Jay-Z spent years trying to take his music past Brooklyn's borders. Long gone are the days Jigga spent honing his skills under the tutelage of his mentor Jaz-O and cutting underground gems with Original Flavor; on Friday night (September 28), Jay-Z returned to his hometown, performing in a stadium he co-owns.
It was only the opening day of Hov's eight-concert stand, and [article id="1694651"]Brooklyn's Barclays Center[/article] will now forever be known as the house that Hovie built, but he didn't come alone. No, there was no Kanye West, no Rihanna and no Rick Ross; instead, Jay-Z embodied the spirit of every Brooklyn rapper who has ever mattered.
Shortly after 9:30 p.m., the house lights began to dim and the jazzy Roy Ayers classic "We Live In Brooklyn, Baby" began to fill Barclays while images of Michael Jordan, Mike Tyson and other Brooklyn greats flashed on Jigga's elaborate angled stage screen.
"Tonight is a celebration, a celebration of where I'm from," Hov told the crowd before launching into the hard-hitting "Where I'm From" from his 1997 album, In My Lifetime, Vol. 1. The homage didn't stop there; next was the Santigold-sampling "Brooklyn We Go Hard" followed by a heartfelt cover of the Notorious B.I.G.'s "Kick in the Door" and then a crowd sing-a-long of Biggie's first hit "Juicy."
Before Jay-Z, it was Biggie Smalls who served as king of BK's rap throne, and before the Notorious One, it was Big Daddy Kane. So when Jay stopped to address the crowd, telling the 19,000 fanatics that it was a "long journey to get here," you got the sense he wasn't just talking about moving the Nets to Atlantic Avenue. Jay-Z's rule over rap was also a long and winding road.
After stripping off his bubble vest revealing a black Nets jersey with the number four on his chest (to commemorate his own December 4 birthday), the God MC tore through tracks like "99 Problems," "Run This Town" and "Empire State of Mind" one by one. He even threw in a brand-new a cappella freestyle to the crowd's delight. "Shooters on my team, no really I got shooters on my team," he spit, making reference to his part ownership of the Nets and the street ties he still claims to carry.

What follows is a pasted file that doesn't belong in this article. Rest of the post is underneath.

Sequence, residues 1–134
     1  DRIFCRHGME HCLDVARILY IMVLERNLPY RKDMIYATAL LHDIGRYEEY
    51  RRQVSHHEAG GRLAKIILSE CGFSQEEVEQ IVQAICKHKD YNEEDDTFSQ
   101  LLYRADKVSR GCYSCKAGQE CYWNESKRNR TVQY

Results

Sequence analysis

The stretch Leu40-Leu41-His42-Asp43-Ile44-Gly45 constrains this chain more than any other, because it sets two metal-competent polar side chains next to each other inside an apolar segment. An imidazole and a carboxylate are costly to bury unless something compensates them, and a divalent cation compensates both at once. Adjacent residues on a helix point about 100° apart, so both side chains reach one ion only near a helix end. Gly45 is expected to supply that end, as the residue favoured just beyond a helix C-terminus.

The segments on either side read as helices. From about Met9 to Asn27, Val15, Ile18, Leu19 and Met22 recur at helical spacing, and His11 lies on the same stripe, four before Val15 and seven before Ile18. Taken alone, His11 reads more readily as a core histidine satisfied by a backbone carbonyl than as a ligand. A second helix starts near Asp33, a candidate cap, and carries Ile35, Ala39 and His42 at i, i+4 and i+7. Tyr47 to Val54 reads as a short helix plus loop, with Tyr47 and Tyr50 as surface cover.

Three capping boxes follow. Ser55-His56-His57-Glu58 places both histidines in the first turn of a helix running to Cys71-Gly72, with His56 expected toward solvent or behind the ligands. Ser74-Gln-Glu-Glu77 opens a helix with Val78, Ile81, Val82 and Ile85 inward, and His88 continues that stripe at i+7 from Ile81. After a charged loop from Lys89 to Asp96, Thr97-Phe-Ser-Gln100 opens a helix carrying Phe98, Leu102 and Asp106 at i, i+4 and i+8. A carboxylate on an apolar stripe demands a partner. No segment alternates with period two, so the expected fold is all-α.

Jay did all his hits like "Big Pimpin' " and "Hard Knock Life," but also showed love to his day-one fans rocking early catalog songs like "Dead Presidents," "Can I Live" and the underground track "Marcyville." The crowd continually showered him with praise, adoration and, of course, boisterous Brooklyn chants to mark the occasion.
A little more than an hour into his set, Jay struck up the band for "Encore," his supposed swan song. But just like his 2003 retirement, fans knew it wouldn't be long before Jay would return to the stage. A good five minutes passed, and then the pride of Marcy Projects returned. First, there was the matter-of-fact brag record "What More Can I Say" and then 1999's party anthem "Do It Again (Put Ya Hands Up)."
During the track's second verse, Jay paused the record and surprised fans with a cameo from 1980s rap legend Big Daddy Kane, who would perform his rap classic "Ain't No Half Steppin'," "Set It off" and "Warm It Up Kane." It was BDK who gave Jay an early shot on his 1994 single "Show & Prove," and now it was Hov's turn to pay him back, allowing the Brooklyn native to share his moment — a moment that may have not otherwise come. "Big Daddy Kane was before me, before B.I.G.; we gotta understand our history," Jay urged.
With the night drawing to a close, the Blueprint MC ripped through his verse on G.O.O.D. Music's "Clique," Rick Ross' "3 Kings" and May's R&B classic remix for "Best of Me." "I got a million of these," the rap veteran bragged.
Before closing with his Blueprint III single "Young Forever," Jay — who was quite overwhelmed — told the crowd he believes everyone has genius-level talent; it's just some tap into it and others do not. "I ain't no mother----in' different from anybody here tonight," he exclaimed, "and I'm standing on this stage."
Yeah, Jay-Z has come a long way.